Whilst perusing the stalls at the TENT London design show a few weeks back, I was reminded of the importance of exhibitors’ business cards and informational flyers, especially when there’s a vast amount of finely crafted aesthetics and innovation competing for the attention of visitors, and potential investors or collaborators.
The ability for visitors at these kinds of shows to take a small souvenir away with them that serves as a contacts resource and reminder of the experience is key, particularly if the exhibitor is engaged in conversation or demonstrating their work to someone else, leaving no opportunity to directly talk to them and forge a link. I gathered quite a few cards at TENT – mostly as a trigger for later research – storing them in the back of my notebook so they wouldn’t get lost.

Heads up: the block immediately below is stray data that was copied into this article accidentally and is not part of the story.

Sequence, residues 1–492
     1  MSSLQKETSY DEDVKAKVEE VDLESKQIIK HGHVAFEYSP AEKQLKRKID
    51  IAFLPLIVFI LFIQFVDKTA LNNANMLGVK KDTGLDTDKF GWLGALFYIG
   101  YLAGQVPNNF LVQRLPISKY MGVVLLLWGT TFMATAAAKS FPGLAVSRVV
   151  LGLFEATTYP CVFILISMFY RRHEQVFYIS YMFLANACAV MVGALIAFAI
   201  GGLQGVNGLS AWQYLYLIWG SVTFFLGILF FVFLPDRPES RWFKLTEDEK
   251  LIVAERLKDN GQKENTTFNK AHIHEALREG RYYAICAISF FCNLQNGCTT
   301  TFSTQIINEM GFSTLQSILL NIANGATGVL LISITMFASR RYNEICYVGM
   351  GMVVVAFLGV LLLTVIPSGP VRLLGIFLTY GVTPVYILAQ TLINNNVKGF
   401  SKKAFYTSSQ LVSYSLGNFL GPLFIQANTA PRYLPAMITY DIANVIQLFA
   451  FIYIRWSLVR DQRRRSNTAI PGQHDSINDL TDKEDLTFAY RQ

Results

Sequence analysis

Often, there is a disparity between the design and information on these cards, and the intrigue I had when looking at the product or concept on display. It struck me that creating StoryCubes that act as keepsakes from the experiences might bridge this gap; shouldn’t high-end design work have a suitable counterpart for promotion? Obviously a cube is a lot more unwieldy than a card, even when folded flat, but perhaps in the process of taking the care to protect it, having to physically carry it rather than stuffing it into a wallet or pocket, it becomes more than just a scrap of details – a three-dimensional memento, almost a trophy, that can sit on a desk or shelf, hopefully stirring up the same interest its new owner had when looking at its source.